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[0 1 2]
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[3 4 5]
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[6 7 8]
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sage: A.reduced_row_echelon_form()
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[ 1 0 -1]
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[ 0 1 2]
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[ 0 0 0]
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sage: A^20
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[ 2466392619654627540480 3181394780427730516992 3896396941200833493504] ...
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sage: A.kernel()
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Vector space of degree 3, dimension 1 over Rational Field
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Basis matrix:
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[ 1 -2 1]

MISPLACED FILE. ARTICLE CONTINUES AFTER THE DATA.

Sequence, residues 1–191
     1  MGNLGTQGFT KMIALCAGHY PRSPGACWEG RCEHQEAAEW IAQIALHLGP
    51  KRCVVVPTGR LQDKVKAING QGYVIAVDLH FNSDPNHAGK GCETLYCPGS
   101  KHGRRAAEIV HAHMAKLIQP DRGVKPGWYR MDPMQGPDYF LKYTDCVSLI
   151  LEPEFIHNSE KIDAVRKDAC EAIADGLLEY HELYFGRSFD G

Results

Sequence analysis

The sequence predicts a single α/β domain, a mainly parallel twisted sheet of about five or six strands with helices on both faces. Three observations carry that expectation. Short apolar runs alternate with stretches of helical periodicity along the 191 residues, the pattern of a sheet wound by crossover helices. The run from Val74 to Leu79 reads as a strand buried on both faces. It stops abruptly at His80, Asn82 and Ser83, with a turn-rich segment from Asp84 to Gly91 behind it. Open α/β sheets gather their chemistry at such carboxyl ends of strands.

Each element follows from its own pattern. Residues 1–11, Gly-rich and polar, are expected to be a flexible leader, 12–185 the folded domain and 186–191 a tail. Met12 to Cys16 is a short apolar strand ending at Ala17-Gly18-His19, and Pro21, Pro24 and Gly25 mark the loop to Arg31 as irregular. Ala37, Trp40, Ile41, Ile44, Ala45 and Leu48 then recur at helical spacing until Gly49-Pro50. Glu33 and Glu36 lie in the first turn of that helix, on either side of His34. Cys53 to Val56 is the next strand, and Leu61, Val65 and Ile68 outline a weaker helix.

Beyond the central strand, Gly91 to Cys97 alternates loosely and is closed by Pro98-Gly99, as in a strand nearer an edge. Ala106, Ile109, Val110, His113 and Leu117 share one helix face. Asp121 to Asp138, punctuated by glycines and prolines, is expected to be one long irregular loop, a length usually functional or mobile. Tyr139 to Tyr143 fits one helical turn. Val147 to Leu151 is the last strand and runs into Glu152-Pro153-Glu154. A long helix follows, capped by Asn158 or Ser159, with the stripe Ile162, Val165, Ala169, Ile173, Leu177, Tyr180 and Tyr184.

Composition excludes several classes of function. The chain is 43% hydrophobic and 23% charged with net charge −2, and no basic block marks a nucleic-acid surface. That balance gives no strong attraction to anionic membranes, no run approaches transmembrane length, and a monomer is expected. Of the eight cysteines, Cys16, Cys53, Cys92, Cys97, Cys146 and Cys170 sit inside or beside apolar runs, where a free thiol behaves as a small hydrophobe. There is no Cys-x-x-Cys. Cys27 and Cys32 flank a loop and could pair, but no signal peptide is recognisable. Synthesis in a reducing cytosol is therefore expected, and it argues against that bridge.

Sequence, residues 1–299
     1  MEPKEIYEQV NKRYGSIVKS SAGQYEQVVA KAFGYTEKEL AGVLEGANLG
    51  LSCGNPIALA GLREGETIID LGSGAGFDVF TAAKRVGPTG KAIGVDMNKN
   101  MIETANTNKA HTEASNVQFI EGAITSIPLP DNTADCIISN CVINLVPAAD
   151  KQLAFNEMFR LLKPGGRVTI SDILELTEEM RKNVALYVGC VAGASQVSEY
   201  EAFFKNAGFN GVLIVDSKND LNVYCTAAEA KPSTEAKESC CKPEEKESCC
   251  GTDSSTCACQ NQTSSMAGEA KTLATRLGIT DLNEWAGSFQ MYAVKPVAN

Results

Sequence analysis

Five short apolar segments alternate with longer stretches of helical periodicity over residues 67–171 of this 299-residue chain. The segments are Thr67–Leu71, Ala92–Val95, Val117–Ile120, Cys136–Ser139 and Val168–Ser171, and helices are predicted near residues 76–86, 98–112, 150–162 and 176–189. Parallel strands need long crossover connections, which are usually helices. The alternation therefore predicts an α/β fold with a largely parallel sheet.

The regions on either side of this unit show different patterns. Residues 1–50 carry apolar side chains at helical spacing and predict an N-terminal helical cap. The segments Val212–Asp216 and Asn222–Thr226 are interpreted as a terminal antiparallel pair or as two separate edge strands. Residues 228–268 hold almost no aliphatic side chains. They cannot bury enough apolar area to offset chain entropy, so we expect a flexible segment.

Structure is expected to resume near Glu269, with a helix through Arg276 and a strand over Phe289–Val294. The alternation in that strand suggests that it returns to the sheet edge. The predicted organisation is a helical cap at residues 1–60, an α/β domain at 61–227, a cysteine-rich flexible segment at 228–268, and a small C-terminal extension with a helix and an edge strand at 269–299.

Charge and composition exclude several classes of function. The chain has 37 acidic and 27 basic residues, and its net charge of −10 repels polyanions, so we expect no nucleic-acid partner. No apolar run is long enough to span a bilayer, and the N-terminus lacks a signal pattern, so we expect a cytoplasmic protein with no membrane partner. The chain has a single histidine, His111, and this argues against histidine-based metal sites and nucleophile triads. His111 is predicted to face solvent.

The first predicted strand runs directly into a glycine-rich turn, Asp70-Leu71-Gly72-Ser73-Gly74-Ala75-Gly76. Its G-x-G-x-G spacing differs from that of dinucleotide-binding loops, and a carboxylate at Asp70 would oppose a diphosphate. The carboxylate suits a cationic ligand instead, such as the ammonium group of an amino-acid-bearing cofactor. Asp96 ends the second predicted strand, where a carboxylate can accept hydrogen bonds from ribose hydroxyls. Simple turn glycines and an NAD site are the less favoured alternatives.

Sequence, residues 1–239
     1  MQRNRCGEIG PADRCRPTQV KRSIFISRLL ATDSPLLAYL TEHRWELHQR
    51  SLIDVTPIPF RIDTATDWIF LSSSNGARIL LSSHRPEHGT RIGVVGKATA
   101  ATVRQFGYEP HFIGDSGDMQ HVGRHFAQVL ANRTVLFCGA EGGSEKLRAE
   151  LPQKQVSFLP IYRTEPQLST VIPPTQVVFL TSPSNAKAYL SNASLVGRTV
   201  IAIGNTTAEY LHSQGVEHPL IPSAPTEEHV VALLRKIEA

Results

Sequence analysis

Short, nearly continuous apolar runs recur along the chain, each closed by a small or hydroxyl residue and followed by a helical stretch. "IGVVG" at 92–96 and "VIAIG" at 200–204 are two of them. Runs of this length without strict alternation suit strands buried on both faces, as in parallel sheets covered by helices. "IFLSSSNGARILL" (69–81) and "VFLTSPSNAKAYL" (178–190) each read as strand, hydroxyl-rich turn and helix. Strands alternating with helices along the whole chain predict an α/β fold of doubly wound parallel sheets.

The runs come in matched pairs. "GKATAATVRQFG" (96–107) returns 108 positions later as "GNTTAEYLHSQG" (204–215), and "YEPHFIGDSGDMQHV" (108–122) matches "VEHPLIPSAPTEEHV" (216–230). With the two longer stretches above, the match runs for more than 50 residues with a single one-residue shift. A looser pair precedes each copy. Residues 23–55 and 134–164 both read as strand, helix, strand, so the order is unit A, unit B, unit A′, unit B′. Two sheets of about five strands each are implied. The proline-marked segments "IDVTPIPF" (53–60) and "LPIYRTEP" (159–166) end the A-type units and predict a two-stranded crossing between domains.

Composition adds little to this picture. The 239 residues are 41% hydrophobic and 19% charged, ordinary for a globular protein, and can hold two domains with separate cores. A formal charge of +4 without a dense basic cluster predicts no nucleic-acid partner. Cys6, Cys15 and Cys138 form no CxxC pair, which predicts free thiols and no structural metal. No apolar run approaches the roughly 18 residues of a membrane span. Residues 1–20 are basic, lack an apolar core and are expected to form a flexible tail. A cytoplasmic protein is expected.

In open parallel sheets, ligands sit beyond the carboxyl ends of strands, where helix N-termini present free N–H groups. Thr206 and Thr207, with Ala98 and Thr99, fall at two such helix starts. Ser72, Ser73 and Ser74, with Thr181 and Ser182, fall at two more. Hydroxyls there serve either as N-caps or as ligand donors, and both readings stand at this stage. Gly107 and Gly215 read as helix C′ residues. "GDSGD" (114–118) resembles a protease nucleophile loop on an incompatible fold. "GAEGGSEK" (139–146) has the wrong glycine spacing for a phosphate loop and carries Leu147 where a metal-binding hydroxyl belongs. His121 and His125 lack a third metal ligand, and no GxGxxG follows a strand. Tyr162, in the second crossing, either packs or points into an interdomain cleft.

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sage: kernel(A) # functional notation, like in MAGMA
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\end{verbatim}
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}
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{\bf Compute with an elliptic curve.}
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{\tiny
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\begin{verbatim}
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sage: E = EllipticCurve([0,0,1,-1,0])
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sage: E
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y^2 + y = x^3 - x
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sage: P = E([0,0])
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sage: 10*P
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(161/16, -2065/64)
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sage: 20*P